The USS Indianapolis was the last ship sunk during World War II. Savaged by a salvo of torpedoes from a Japanese submarine, the warship, one of the fastest in the US Navy, sank in a matter of minutes. One thousand two hundred men went into the water, and only 321 were to survive. This is their story. The Indianapolis was captained by the dashing and charismatic Captain Butler McVay, and his story is a tragic one. For a captain to lose his ship in combat is perhaps the hardest blow, but McVay was doubly marked, as he was held responsible for the loss and court-martialled - the only naval captain ever to be court-martialled for the sinking of his ship. Twenty years after the Indianapolis went to the bottom, tormented by the experience and the resentment of many of the families of those who lost their lives in the disaster, he took his own life. Those who also survived maintain that there was nothing he could have done to prevent the disaster, and continue to campaign to clear the captain's name. This book is also his story.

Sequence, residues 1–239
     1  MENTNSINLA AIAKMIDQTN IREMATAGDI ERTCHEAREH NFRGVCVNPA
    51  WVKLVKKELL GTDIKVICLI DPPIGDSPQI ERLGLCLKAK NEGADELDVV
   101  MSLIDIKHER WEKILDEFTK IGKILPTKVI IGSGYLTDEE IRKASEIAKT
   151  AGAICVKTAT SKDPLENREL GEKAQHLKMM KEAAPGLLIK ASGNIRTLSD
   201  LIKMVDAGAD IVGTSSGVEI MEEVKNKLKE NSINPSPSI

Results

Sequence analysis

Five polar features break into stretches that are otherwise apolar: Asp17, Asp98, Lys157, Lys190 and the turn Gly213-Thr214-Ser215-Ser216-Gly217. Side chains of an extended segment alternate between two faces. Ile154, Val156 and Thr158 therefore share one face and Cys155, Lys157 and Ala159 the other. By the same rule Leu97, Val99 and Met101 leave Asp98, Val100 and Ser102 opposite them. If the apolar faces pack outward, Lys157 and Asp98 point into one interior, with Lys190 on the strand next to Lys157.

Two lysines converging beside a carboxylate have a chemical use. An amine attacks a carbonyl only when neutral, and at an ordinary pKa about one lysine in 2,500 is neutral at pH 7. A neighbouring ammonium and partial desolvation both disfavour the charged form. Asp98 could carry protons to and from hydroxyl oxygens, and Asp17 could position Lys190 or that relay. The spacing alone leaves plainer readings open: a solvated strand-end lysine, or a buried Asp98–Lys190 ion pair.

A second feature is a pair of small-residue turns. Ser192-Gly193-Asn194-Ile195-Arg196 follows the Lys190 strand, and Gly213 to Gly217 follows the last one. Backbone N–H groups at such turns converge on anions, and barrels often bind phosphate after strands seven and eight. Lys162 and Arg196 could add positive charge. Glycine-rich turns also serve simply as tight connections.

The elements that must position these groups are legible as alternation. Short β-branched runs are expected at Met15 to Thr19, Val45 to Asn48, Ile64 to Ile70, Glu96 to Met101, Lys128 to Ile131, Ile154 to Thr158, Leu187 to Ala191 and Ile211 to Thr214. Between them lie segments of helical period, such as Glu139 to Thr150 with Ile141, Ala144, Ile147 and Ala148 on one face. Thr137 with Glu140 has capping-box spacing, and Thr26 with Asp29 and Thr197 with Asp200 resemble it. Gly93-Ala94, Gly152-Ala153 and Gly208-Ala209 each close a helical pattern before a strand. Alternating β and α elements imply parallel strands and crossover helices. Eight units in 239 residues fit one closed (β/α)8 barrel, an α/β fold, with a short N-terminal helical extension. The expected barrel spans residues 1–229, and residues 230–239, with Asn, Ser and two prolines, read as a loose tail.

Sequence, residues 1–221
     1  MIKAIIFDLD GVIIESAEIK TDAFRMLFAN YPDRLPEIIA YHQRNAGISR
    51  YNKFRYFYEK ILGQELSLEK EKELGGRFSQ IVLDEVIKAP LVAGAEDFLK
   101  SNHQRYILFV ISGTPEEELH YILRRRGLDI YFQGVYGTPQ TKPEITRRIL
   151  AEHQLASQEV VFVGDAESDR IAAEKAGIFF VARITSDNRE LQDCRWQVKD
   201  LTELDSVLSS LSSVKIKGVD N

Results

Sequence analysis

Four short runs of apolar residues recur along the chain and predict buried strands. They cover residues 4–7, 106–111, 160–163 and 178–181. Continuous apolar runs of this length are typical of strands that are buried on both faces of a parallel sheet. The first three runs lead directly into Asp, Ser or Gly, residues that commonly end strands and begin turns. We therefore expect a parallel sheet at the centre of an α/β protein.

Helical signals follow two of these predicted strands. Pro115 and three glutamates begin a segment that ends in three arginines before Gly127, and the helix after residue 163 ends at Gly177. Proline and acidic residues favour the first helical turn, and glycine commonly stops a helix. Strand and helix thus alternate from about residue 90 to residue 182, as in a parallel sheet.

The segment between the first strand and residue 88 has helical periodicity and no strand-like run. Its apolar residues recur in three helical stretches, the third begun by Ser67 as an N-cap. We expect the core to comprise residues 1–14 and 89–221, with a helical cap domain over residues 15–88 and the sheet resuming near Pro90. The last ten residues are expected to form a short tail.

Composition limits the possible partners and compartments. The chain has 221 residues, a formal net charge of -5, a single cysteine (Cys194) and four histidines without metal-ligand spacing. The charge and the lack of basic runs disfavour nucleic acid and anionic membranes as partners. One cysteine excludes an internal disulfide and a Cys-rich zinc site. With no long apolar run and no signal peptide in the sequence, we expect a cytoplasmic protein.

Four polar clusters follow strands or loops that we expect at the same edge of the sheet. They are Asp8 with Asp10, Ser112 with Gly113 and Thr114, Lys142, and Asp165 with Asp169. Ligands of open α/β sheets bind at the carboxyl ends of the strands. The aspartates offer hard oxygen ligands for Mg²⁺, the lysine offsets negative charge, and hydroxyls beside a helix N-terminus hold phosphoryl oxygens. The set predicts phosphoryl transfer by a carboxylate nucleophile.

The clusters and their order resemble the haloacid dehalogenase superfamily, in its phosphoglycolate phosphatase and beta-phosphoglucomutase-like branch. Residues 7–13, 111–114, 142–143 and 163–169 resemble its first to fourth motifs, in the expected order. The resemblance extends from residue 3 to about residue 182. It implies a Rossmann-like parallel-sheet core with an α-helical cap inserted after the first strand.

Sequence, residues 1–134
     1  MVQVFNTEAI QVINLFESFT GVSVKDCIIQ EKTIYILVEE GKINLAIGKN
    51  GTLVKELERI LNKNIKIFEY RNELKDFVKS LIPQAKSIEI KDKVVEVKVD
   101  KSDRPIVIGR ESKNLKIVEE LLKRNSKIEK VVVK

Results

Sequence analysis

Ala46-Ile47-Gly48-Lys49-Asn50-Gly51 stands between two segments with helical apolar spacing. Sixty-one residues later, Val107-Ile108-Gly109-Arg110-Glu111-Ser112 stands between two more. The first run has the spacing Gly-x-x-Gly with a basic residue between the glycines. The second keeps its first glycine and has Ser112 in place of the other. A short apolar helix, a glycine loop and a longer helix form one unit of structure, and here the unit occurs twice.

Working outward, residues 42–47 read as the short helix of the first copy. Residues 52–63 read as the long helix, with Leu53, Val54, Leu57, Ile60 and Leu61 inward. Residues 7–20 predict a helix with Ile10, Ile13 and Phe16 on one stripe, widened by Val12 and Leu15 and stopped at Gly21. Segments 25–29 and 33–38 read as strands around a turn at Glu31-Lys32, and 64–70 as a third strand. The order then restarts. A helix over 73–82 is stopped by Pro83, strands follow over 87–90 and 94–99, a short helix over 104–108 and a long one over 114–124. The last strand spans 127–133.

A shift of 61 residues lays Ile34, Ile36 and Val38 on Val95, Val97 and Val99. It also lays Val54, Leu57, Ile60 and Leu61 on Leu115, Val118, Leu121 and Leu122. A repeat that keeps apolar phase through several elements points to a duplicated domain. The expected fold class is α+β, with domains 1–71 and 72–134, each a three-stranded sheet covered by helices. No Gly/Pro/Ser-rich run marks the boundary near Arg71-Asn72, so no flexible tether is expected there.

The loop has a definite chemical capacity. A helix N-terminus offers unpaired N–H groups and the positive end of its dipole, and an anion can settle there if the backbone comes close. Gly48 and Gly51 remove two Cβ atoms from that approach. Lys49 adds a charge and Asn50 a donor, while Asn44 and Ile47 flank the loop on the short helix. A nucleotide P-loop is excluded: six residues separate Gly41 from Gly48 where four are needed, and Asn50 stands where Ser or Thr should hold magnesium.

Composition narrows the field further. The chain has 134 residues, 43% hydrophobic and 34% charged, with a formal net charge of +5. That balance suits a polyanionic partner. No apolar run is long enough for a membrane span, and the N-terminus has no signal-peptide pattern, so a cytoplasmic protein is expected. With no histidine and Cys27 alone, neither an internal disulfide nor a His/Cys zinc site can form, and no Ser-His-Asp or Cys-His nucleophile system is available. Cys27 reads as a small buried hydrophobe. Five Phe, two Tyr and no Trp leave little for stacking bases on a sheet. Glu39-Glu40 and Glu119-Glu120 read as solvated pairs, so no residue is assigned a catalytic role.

Doug Stanton has written extensively about politics, travel and celebrities for numerous publications, including Esquire, US, Outside and Men's Journal, where he is currently a contributing writer. In Harm's Way began as a lead feature story in the March 2000 issue of Men's Journal. It led to more letters to the editor than any other piece in the magazine's history. Warner Brothers is currently developing a screenplay based on the book.